oil on canvas
Birmingham Museum and Art Gallery
Once you've clicked on one of the images - particulary if you own a 27" iMac with an HD screen as I do - your mouth drops open pretty fast! The level of detail is absolutely stunning. The level of documentation is also extremely thorough. It's a research resource which sets a standard that many will find hard to beat.
In my view, it's one of the most impressive art websites I've ever seen on the Internet in terms of the quality of the image which you can see. I'd venture to say it's even better than viewing in a gallery!
One drawback is that you do need to install Silverlight to see it - however you get the very reward when you see the quality of the pictures which result. The website provides you with a link to do this.
The website was launched in July 2009 and has been very well received. It was named best in the Arts and Culture class of the Interactive Media Awards in September 09 and has been shortlisted for two Drum Awards for the Digital Industries (DADI). In January this year the Pre-Raphaelite Online Resource won a BETT 2010 award in the category of Digital Collections and Resource Banks.
Birmingham Museums & Art Gallery received funding from JISC to digitise the Pre-Raphaelite collection and make it accessible online for the education community. The resulting Pre-Raphaelite Online Resource provides full record information and allows users to examine images in great detail. You can choose to browse the online collection, make simple searches or to interrogate the collection data using filtering tools. The ability to filter the collection in this way should be particularly useful for study and research. You can also interact with the online collection by creating your own personal collections of images and by discussing the works with the online community.One of the major benefits of this project is that it is accessible to everybody in the Internet. Some of the other digitisation projects have spent a lot of money digitising material only to make it accessible via higher education institutions only - which I consider to be an extremely narrow and patronising perspective on how learning takes place in a web 2.0 world. In contrast this project makes the Pre-Raphaelites accessible to all.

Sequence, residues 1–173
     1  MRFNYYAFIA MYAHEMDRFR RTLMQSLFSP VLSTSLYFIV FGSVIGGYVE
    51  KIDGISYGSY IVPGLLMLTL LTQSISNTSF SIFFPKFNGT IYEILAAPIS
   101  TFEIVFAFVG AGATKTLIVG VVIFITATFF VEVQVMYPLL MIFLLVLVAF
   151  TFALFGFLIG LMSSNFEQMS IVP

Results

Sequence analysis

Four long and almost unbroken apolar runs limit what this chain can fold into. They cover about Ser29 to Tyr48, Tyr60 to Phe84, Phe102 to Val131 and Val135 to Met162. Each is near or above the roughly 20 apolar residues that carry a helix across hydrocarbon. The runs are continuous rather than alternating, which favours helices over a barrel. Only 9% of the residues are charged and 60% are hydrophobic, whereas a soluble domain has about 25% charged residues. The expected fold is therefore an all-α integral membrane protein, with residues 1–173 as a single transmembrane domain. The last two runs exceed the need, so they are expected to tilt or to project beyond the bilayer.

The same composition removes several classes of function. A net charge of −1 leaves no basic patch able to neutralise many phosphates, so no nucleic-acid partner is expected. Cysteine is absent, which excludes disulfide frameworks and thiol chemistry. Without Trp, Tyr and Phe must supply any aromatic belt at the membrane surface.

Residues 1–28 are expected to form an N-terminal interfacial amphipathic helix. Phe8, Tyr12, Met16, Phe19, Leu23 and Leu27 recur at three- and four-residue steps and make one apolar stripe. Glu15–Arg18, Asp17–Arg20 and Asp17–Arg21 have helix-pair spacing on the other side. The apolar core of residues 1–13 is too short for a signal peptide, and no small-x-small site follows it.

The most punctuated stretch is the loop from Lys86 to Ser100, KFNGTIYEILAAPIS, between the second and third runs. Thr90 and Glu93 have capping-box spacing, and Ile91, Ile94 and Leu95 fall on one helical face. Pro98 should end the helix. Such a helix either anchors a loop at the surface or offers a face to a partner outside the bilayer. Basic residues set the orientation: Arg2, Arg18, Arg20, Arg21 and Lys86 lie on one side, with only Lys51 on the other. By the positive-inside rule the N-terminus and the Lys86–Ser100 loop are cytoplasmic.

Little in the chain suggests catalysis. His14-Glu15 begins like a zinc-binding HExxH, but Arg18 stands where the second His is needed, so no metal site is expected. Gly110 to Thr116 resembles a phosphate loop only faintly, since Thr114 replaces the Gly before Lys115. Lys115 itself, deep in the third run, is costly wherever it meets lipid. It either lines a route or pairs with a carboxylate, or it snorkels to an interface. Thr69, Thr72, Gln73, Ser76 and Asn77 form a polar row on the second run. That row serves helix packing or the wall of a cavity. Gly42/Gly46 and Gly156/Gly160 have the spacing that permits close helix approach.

Preraphaelites - about this site
JISC – the Joint Information Systems Committee – is a joint committee of the UK further and higher education funding bodies and is responsible for supporting the innovative use of information and communication technology to support learning, teaching, and research.
You can find out more about JISC and its projects on the the JISC website http://www.jisc.ac.uk
For more information or to browse the collection visit Pre-Raphaelite Online Resource website.